All parents experience stress as they attempt to meet the challenges of caring for their children. Being a parent can bring much joy and excitement yet this also comes with great responsibility and many challenges. The demands of parenting include meeting children’s needs for survival like feeding, sheltering, and protection, but also include psychological demands for attention, affection, and help in controlling or regulating emotions. These demands can produce parenting stress which can be defined as “a set of processes that lead to aversive psychological and physiological reactions arising from attempts to adapt to the demands of parenthood” (Deater-Deckard, 2004, p.6). Adapting to the demands that come with parenting is a long-term, day-to-day obligation that is required in caring for and raising a typically developing (TD) child. However, how do the demands and resulting stresses change when faced with the responsibility of raising and caring for non-typically developing child, specifically a child who has been diagnosed with autism spectrum disorder (ASD)? And, how important is developing strategies to cope with the stress associated with the adaptations needed to care for a child with ASD?
Parenting stress is an expected and normal experience when it comes to caring for a child. However, much higher stress levels have been found in parents of children with ASD than that of parents caring for and raising a child without developmental disabilities (Steijn et al. 2014). ASD is considered by the American Psychiatric Association as a complex neurodevelopmental disorder characterized by persistent alterations in communication and social interaction and by the presence of stereotyped patterns of behavior, activities, and interests (2013). The demands and responsibilities placed upon parents coping with this complex disorder results in varying degrees of stress encompassing areas of their children’s functioning that are difficult to manage. The Autism Parenting Stress Index (APSI) is a tool that was designed to evaluate the parental stress as observed by the parent of a child with ASD. The APSI reflects the physical, social, and communication barriers imposed by the disability. The items on this test fall into three categories: the core social disability, difficult-to-manage behavior, and physical issues. The test is designed to indicate how much stress parents are experiencing and what factors are causing this stress (Silva & Schalock, 2012). Aside from simply evaluating the level of stress experienced by parents, the APSI also helps to identify areas where parents need support in developing strategies to cope with the higher levels of parenting stress that comes with caring for a child with ASD.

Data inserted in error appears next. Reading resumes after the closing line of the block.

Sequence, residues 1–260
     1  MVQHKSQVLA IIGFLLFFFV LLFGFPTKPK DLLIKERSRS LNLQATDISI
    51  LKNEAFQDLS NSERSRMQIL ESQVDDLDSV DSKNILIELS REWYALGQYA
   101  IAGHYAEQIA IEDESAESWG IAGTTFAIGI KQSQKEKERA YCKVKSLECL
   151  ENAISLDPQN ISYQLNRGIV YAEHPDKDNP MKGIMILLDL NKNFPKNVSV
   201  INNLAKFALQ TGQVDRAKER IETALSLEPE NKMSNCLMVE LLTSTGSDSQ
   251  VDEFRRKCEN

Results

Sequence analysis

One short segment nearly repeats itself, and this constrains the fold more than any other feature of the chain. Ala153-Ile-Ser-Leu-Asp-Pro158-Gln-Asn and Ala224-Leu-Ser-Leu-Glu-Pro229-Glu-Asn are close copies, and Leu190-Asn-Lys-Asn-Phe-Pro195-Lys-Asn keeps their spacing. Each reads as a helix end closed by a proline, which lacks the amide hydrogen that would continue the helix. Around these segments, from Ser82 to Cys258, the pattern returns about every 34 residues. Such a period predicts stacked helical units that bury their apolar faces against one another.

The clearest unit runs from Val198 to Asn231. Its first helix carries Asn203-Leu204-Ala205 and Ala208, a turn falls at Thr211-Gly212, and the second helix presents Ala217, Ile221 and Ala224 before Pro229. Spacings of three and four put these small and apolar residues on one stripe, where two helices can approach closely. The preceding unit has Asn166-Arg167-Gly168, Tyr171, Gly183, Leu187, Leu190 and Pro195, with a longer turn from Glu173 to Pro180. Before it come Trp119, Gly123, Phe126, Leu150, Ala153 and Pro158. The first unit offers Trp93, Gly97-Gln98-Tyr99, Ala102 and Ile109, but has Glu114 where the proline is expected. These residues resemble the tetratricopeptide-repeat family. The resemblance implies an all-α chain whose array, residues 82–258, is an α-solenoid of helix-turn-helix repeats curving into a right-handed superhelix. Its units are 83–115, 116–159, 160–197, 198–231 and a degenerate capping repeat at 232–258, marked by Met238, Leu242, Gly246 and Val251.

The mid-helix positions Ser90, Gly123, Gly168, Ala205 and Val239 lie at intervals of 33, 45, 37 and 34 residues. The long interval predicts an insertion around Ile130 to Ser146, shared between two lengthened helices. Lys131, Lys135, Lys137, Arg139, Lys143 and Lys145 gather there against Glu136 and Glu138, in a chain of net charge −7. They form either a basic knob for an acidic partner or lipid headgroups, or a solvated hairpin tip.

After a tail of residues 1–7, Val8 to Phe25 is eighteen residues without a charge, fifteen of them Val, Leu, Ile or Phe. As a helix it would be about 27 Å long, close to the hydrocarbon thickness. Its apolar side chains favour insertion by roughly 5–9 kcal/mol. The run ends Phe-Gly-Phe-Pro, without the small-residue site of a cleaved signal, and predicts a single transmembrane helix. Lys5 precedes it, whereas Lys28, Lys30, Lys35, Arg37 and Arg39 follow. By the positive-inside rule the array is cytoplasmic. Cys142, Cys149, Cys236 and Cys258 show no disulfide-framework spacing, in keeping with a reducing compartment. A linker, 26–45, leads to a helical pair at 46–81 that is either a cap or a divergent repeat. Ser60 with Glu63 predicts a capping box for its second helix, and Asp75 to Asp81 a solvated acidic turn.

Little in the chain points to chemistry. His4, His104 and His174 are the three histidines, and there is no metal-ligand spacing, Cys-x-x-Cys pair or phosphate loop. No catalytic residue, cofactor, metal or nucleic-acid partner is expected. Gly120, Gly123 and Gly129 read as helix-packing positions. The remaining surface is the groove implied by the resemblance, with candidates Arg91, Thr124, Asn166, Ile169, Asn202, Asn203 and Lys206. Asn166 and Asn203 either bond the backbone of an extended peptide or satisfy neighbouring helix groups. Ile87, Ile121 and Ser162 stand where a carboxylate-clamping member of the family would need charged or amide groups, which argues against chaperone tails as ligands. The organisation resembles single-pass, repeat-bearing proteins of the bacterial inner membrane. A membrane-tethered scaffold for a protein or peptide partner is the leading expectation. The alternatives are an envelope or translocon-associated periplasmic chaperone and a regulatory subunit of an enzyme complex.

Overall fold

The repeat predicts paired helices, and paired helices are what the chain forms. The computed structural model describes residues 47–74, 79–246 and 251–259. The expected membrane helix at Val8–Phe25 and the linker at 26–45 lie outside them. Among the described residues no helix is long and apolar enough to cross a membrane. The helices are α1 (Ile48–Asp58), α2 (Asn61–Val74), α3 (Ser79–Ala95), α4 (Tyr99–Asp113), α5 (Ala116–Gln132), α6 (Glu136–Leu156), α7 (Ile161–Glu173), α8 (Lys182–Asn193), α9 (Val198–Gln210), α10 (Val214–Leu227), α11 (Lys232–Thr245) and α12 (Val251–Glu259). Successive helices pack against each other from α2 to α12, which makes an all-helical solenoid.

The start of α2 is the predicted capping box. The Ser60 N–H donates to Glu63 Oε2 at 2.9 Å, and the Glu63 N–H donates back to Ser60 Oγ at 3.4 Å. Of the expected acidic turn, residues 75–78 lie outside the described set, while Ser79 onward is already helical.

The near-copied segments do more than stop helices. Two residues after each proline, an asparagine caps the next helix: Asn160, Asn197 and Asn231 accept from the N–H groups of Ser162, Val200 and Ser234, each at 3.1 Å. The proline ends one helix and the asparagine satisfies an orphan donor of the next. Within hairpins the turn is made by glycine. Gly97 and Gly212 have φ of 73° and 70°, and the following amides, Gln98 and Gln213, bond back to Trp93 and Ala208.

One study using the APSI (Silva & Schalock, 2012) found that parental stress related to caring for a child with ASD was four times that of parents with TD children. It was noted that they also experience more stress not only compared with parents of typically developing children, but also compared with parents of children with other developmental disabilities. Factors contributing to higher stress levels came as a result of parents’ fear for their children’s future, as ASD often reduces a child’s chance at independence, disapproval by others of the child’s behavior, difficulty in communicating with their child, lack of sufficient professional help as well as dealing with general behavioral problems associated with ASD (Pisula & Kossakowska, 2010). These stress-inducing factors are in addition to the typical stresses that come with caring for a child. Not only do parents of children with ASD have higher levels of stress, they also report lower levels of adaptive coping and resources than parents of children with typical development (Lee et al. 2009).